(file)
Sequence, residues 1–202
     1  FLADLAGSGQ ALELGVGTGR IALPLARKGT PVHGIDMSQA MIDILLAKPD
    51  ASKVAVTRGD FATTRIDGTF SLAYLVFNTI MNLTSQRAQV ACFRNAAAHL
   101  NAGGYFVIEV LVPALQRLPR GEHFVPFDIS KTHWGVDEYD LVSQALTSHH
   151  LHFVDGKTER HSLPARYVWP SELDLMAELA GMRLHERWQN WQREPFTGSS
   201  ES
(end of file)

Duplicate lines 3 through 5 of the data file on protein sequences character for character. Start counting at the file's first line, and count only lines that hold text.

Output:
    51  ASKVAVTRGD FATTRIDGTF SLAYLVFNTI MNLTSQRAQV ACFRNAAAHL
   101  NAGGYFVIEV LVPALQRLPR GEHFVPFDIS KTHWGVDEYD LVSQALTSHH
   151  LHFVDGKTER HSLPARYVWP SELDLMAELA GMRLHERWQN WQREPFTGSS